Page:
Micron Technologies, Inc. (MU) is a diversified semiconductor maker concentrating in chips for four segments: storage, mobile devices, computers and industrial products.
The stock closed Monday at $43.71, up 99.4% year to date and in bull market territory at 103.4% above its 52-week low of $21.49 set on Jan. 19. The stock set its 52-week high of $49.89 on Nov. 22, and it is in correction territory since then, down 12.4%.
Analysts expect Micron to post earnings per share between $2.12 and $2.23 when it reports results after the closing bell on Dec. 19. Most analysts expect solid year-over-year gains for both earnings and revenue, although some say that margins are on the verge of seeing tightening pressures. (See also: 2018 Will Be Mixed for Chipmakers: Morgan Stanley.)
The daily chart for Micron
The daily chart for Micron shows that the stock has been above a "golden cross" since Aug. 1, 2016, when it closed at $13.56. A "golden cross" occurs when the 50-day simple moving average rises above the 200-day simple moving average and indicates that higher prices lie ahead. This has obviously been the case for Micron stock, which set its multi-year intraday high of $49.89 on Nov. 22. Note how the stock has been tracking its 50-day simple moving average, which is now at $32.37.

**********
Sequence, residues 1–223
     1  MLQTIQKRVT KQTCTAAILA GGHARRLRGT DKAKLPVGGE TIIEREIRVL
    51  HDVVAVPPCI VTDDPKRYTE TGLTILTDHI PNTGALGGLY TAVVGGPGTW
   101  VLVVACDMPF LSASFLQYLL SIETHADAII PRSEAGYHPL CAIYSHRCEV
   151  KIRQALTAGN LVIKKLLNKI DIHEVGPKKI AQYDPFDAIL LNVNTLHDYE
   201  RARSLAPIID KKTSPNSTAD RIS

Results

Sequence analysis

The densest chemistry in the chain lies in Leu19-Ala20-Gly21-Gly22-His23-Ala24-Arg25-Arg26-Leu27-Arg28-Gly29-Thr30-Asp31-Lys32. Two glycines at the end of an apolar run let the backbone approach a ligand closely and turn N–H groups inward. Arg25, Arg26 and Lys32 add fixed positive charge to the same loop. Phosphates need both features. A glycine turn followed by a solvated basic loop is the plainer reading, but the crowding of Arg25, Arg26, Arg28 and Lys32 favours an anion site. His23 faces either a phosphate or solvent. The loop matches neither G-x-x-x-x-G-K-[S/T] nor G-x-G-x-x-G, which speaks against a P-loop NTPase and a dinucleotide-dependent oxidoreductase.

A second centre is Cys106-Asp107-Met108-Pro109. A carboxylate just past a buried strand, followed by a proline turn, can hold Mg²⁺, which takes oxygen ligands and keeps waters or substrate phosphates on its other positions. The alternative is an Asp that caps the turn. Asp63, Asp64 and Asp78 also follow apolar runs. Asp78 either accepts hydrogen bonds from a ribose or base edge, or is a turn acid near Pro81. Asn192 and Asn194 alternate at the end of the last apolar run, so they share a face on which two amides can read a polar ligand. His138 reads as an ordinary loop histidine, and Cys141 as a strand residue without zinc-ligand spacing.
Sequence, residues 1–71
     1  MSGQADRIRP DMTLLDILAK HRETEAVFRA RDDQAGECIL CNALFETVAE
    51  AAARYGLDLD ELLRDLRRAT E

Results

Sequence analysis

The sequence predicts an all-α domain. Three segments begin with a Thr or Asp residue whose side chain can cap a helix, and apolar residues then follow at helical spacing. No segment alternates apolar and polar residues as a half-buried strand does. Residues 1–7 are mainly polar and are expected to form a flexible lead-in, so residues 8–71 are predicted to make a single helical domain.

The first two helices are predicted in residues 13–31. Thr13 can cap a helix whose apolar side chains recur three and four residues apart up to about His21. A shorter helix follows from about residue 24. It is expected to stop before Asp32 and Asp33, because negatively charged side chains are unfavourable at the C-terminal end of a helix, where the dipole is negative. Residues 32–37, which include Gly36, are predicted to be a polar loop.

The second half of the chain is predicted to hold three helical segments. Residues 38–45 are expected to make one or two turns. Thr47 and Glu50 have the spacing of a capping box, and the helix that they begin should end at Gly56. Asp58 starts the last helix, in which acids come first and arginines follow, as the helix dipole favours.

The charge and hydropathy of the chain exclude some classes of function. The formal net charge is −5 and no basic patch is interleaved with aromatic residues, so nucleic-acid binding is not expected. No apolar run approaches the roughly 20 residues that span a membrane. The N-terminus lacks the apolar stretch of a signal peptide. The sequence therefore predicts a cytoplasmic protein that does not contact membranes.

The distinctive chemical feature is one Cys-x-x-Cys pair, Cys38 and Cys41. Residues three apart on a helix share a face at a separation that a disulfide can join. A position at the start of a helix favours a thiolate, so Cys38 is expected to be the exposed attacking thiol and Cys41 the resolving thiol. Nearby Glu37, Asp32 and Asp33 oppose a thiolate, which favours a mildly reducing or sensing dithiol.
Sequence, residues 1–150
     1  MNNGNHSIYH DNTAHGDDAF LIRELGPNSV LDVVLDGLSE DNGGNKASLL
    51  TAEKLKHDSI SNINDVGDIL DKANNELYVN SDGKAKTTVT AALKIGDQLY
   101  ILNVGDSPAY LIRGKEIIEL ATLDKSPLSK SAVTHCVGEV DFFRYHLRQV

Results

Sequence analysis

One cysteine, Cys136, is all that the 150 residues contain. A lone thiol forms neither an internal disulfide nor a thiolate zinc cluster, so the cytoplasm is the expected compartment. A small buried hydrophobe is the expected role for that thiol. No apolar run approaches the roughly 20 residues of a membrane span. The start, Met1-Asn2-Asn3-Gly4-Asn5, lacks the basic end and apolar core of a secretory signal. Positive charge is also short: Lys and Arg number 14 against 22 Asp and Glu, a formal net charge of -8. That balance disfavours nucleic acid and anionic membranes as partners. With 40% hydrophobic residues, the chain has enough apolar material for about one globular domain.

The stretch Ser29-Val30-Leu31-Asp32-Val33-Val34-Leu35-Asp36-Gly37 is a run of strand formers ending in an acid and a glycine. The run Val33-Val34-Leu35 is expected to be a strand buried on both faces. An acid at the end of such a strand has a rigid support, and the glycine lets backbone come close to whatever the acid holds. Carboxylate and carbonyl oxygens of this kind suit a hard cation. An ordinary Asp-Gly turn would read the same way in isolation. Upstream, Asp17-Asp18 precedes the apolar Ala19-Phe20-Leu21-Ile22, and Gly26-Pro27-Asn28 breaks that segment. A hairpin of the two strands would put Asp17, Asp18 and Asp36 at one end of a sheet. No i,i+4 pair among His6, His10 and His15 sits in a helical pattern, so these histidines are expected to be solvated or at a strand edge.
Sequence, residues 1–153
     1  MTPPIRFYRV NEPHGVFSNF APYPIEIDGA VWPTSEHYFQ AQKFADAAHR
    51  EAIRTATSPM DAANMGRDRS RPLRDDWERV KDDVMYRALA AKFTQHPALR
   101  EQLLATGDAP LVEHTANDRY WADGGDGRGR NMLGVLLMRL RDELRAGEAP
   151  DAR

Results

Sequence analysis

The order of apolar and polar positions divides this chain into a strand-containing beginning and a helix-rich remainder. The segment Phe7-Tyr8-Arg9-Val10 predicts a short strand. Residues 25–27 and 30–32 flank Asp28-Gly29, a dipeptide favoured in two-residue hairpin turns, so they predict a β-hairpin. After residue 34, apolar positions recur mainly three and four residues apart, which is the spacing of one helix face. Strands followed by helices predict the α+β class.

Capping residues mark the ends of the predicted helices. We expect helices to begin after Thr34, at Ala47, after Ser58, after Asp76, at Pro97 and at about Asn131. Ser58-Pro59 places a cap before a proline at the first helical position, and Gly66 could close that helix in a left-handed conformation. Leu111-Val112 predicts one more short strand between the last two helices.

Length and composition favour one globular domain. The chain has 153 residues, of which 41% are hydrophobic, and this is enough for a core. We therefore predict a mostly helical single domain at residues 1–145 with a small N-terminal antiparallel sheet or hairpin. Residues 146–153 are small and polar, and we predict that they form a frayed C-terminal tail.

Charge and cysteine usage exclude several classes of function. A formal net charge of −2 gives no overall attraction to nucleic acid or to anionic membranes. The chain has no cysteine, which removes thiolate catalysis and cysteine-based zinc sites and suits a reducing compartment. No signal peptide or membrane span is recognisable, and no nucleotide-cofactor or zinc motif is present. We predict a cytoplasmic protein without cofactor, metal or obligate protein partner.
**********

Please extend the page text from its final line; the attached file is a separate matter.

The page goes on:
The weekly chart for Micron
The weekly chart for Micron ended last week negative but will be upgraded to neutral this week if the stock closes Friday above its five-week modified moving average of $42.99. The stock is well above its 200-week simple moving average at $24.39 and has been above this "reversion to the mean" since the week of Dec. 23, 2016, when the average was $20.25. The 12 x 3 x 3 weekly slow stochastic reading is projected to decline to 66.63 this week, down from 74.18 on Dec. 15.
The horizontal lines on the weekly chart represent the Fibonacci retracement levels of the huge stock crash from $97.50 in July 2000 to the low of $1.59 during November 2008, when the stock was considered an "option on survival." I view any stock trading between $1 and $3 per share as an "option on survival," as the price paid could be totally lost. Obviously, this was not the fate of Micron. However, the Nov. 22 high of $49.89 was a failed test of the 50% retracement of $49.55. The 38.2% retracement of $38.23 is a key level to hold on weakness.
Given these charts and analysis, my trading strategy is to buy weakness to my semiannual and quarterly value levels of $34.94 and $32.91, respectively, and to reduce holdings on strength to my weekly risky level of $46.32. (For more, see: Chip Stocks at Support After 3-Week Pullback.)